5.“ The high rate of usury makes land sell so cheap, being not worth more than fourteen or fifteen years' purchase ; whereas in Holland, where interest is at six, it is worth above twenty-five. So that a low interest raises the price of land. Where money is dear, land is cheap."
Answ. This argument plainly confesses, that there is something else regulates the price of land besides the rate of interest; else, when money was at ten per cent. here, should land have been at ten years'purchase,whereas he confesses it then to have been at fourteen or fifteen. One may suppose, to favour his hypothesis, he was not forward to speak the most of it. And interest, as he says, being at six per cent. in Holland, land there should have sold, by that rule, for sixteen and an half year's purchase ; whereas he says, it was worth about twenty
five. And Mr. Manly says, p. 33, “ That money in France being at seven per cent., noble land sells for thirty-four and thirty-five years' purchase, and ordinary land for twenty-five.” So that the true conclusion from hence is not what our author makes, but this, That it is not the legal interest, but something else, that governs the rate of land. I grant his position, That where money is dear, land is cheap, and vice versa. But it must be so by the natural not legal interest. For where money will be lent on good security at four or five per cent. it is a demonstration that there is more than will be ventured on ordinary credit in trade. And when this plenty becomes general, it is a sign there is more money than can be employed in trade; which cannot but put many upon seeking purchases, to lay it out in land, and so raise the price of land, by making more buyers than sellers.
6. “ It is not probable lenders will call in their money, when they cannot make greater interest any where. Besides, their security upon land will be better."
Answer. Some unskilful and timorous men will call in their money; others put it into the bankers' hands. But the bankers and skilful will keep it up, and not lend it, but at the natural use, as we have shown. But how securities will be mended, by lowering of interest, is, I confess, beyond my comprehension.
Of raising our Coin.
Being now upon the consideration of interest and money, give me leave to say one word more on this occasion, which may not be wholly unseasonable at this time. I hear a talk up and down of raising our money, as a means to retain our wealth, and keep our money from being carried away. I wish those that use the phrase of raising our money had some clear notion annexed to it; and that then they would examine, " Whether, that being true, it would at all serve to those ends for which it is proposed ?”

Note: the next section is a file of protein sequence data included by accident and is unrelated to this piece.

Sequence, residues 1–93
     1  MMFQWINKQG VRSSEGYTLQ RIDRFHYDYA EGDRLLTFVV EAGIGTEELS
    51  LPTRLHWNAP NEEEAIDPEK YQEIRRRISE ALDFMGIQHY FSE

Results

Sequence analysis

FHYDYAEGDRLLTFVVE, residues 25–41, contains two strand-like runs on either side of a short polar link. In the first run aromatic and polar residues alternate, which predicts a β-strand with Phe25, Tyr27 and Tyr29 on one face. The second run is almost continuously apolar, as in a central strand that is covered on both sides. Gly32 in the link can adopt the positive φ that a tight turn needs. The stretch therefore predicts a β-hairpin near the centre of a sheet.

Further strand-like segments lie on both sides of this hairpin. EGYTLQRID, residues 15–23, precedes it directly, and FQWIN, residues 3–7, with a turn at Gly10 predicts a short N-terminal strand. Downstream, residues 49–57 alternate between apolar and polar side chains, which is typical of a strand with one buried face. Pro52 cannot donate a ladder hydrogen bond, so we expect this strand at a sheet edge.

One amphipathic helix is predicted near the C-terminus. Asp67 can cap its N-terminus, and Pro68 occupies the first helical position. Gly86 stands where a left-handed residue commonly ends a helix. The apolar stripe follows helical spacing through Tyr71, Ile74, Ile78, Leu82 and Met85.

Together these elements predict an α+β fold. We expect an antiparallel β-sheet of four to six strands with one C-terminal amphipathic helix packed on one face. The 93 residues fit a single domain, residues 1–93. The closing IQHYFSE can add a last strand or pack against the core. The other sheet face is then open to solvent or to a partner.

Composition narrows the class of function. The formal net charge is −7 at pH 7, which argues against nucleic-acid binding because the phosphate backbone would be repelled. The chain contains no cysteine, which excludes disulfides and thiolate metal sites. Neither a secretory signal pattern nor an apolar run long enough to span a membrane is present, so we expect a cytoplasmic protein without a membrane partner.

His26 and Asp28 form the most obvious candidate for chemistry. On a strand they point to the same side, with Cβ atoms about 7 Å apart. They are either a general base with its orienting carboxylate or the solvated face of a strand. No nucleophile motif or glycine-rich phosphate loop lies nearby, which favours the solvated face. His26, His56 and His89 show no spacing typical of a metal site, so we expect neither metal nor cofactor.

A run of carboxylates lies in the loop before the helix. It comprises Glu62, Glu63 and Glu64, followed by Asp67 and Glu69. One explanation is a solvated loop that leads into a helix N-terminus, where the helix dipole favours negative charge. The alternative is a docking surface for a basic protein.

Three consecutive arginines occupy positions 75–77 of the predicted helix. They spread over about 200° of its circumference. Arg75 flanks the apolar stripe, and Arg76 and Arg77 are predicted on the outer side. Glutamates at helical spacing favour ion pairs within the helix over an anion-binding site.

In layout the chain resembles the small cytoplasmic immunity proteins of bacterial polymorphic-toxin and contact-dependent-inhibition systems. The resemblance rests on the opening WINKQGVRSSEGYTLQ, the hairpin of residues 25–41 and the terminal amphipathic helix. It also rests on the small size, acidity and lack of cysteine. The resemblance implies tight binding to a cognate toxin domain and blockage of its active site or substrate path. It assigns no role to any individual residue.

The raising of money, then, signifies one of these two things; either raising the value of our money, or raising the denomination of
our coin. The raising the value of money, or any thing else, is nothing but the making a less quantity of it exchange for any other thing than would have been taken for it before ; v. g. If 5s. will exchange for, or (as we call it) buy a bushel of wheat; if you can make 4s. buy another bushel of the same wheat, it is plain the value of your money is raised, in respect of wheat, one-fifth. But thus nothing can raise or fall the value of your money, but the proportion of its plenty, or scarcity, in proportion to the plenty, scarcity, or vent of any other commodity with which you compare it, or for which you would exchange it. And thus silver, which makes the intrinsic value of money, compared with itself, under any stamp or denomination of the same or different countries, cannot be raised. For an ounce of silver, whether in pence, groats, or crown-pieces, stivers, or ducatoons, or in bullion, is, and always eternally will be, of equal value to any other ounce of silver, under what stamp or denomination soever ; unless it can be shown that any stamp can add any new or better qualities to one parcel of silver, which another parcel of silver wants.
Silver, therefore, being always of equal value to silver, the value of coin, compared with coin, is greater, less, or equal, only as it has more, less, or equal silver in it: and in this respect, you can by no manner of way raise or fall your money. Indeed, most of the silver of the world, both in money and vessels, being alloyed, (i. e. mixed with some baser metals) fine silver, (i. e. silver separated from all alloy) is usually dearer than so much silver alloyed, or mixed with baser metals. Because, besides the weight of the silver, those who have need of fine (i. e. unmixed silver; as gilders, wire-drawers, &c.) must, according to their need, besides an equal weight of silver, mixed with other metals, give an overplus to reward the refiner's skill and pains. And in this case, fine silver and alloyed or mixed silver are